Why Multi-Tenancy Is a Powerful Differentiator for Pulsar as Compared to Kafka

There’s an ongoing discussion in the data world about whether Pulsar or Kafka is the better option. Yes, both of these options have their advantages, and it’s difficult to make generalizations when every enterprise has unique use cases.

However, multi-tenancy is increasingly becoming a foundational advantage for Pulsar over Kafka. Tenants are the units located within the shared environment, such as different platforms, applications, clients, teams, or software.

This feature lets multiple tenants be a part of the global cluster, creating many benefits for organizations.

Pulsar Multi-Tenancy Explained

Multi-tenancy means that you can share the cloud infrastructure between multiple organizations and users. Every individual tenant is isolated, so they can’t affect the SLA of another tenant or their security. Even though all the users share the same resources, their data is stored separately.

If needed, organizations can completely isolate certain tenants from each other and make them “invisible” in the shared environment. Pulsar has a dedicated multi-tenant feature that allows developers to separate codes of a large software within completely identical environments.

These environments process data independently and can be assembled as needed. Now that we’ve explained how multi-tenancy works let’s see why it is important and how it sets Pulsar apart from Kafka.

Multi-Tenancy Lowers Costs

Pulsar multi-tenancy means that multiple departments or teams can share a single cluster by using different namespaces or access control. Kafka still doesn’t have this feature, but it was the basis of Pulsar’s development.

Having no multi-tenancy means that companies have to create another abstraction layer over the messaging system. The alternative option is to use a brand new cluster for other teams, and that requires more resources and investment.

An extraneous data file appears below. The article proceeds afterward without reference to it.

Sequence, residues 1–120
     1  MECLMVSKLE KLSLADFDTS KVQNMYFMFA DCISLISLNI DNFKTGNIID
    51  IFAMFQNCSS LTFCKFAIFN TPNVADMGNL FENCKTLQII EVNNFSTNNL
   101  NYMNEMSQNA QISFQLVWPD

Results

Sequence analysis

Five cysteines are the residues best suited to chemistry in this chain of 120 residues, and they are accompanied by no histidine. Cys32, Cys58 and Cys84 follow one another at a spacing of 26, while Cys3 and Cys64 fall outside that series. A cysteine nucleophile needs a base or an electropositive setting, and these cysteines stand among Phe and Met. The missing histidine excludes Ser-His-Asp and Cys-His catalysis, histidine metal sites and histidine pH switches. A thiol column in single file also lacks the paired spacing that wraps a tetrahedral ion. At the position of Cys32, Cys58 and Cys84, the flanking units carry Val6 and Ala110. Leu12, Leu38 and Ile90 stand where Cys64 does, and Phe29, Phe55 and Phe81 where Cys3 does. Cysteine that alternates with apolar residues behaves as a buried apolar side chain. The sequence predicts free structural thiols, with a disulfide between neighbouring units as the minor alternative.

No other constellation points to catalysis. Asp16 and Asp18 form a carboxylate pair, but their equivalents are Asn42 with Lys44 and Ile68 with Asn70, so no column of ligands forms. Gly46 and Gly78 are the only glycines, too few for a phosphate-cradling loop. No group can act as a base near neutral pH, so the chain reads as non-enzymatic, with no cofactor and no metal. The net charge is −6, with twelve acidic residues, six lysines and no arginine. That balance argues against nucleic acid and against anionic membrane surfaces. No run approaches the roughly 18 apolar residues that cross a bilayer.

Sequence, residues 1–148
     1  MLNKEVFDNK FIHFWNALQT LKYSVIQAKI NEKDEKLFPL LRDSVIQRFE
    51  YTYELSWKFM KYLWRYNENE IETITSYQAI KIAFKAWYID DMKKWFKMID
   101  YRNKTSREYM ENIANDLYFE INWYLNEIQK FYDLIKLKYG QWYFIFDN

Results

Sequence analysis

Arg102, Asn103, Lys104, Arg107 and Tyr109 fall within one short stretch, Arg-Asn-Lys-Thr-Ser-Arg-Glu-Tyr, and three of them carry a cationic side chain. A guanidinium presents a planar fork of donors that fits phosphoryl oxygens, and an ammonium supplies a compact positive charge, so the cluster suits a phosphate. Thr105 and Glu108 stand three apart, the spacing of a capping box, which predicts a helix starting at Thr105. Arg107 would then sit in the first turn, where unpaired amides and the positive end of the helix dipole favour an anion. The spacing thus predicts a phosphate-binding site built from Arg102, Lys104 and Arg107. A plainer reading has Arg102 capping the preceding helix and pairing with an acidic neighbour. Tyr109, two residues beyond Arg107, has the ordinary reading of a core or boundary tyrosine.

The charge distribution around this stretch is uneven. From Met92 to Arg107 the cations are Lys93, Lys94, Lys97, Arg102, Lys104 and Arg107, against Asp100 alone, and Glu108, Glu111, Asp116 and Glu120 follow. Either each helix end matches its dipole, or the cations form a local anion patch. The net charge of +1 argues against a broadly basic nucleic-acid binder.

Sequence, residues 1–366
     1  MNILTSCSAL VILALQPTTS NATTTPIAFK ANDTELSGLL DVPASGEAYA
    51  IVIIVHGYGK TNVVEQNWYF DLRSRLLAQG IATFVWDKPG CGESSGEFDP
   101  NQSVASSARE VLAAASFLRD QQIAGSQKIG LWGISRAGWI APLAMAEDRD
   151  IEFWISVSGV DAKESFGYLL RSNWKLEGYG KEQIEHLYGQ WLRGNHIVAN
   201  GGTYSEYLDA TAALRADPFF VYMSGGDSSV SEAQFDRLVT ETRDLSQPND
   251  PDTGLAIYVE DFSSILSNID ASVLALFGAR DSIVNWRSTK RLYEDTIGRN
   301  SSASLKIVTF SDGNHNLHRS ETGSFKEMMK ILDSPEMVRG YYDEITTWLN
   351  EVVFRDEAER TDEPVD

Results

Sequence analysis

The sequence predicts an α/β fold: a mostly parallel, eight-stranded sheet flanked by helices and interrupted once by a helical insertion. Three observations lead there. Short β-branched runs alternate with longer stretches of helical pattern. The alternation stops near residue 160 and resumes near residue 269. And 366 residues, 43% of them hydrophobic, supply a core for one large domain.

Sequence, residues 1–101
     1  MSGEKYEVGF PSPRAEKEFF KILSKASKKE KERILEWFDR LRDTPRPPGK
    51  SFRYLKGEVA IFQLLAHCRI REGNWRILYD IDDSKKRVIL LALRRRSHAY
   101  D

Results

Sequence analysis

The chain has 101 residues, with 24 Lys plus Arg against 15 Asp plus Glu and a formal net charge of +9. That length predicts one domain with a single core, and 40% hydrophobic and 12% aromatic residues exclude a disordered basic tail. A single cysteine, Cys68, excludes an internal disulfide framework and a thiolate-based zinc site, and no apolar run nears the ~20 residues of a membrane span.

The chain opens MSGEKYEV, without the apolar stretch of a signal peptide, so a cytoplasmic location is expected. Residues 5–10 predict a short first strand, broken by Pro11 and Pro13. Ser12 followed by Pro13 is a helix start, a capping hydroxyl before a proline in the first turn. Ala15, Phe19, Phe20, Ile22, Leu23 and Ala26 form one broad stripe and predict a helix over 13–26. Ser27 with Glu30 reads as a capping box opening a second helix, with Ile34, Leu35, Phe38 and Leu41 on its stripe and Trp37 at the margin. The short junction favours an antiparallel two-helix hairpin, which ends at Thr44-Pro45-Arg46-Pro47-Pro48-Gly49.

On top of that, these kinds of platforms are cheaper to maintain on their own – all the costs are shared between tenants as there is no need for additional clusters.

More Speed and Better Operations

Pulsar is used by large companies that need to provide their applications to millions of customers, including giants like IBM, Alibaba, Yahoo, and LinkedIn.

Machine learning and artificial intelligence are also becoming a must within enterprise data centers because their software applications require lots of data processing power for deployment or training models. Pulsar allows the users of many e-commerce and social media platforms to access various applications and send millions of messages simultaneously.

Pulsar has lower latency when processing data requests and higher throughput. Benchmarking numbers also show that Pulsar’s multi-tenant processing on a large scale is a lot faster than Kafka’s.

Why Pulsar Multi-Tenancy is the Future

Big enterprises that work on multiple facets rely on using multiple software solutions. These companies often require lots of resources and need to be as secure as possible, both in terms of human resources and hardware. Pulsar’s multi-tenancy allows them to meet these requirements.

However, resources are limited, and they come at a cost – not all users have the same value or need to spend the same time within an environment. These organizations have different teams and employees that need different levels of isolation.

Pulsar helps enterprises manage data protection, data access, application deployment, and access policies. It ensures security while letting companies manage large projects and applications with a complex structure all within a single cluster.


Both Pulsar and Kafka have their own advantages for building big data and machine learning solutions. However, multi-tenancy allows companies to cut costs, spend less time in maintenance, and minimize effort.

In addition to all these benefits, multi-tenancy also lets applications work securely within a shared environment. Large enterprises with complex needs are increasingly realizing and choosing Apache Pulsar to serve as the data pipelines for complex, mission-critical applications.

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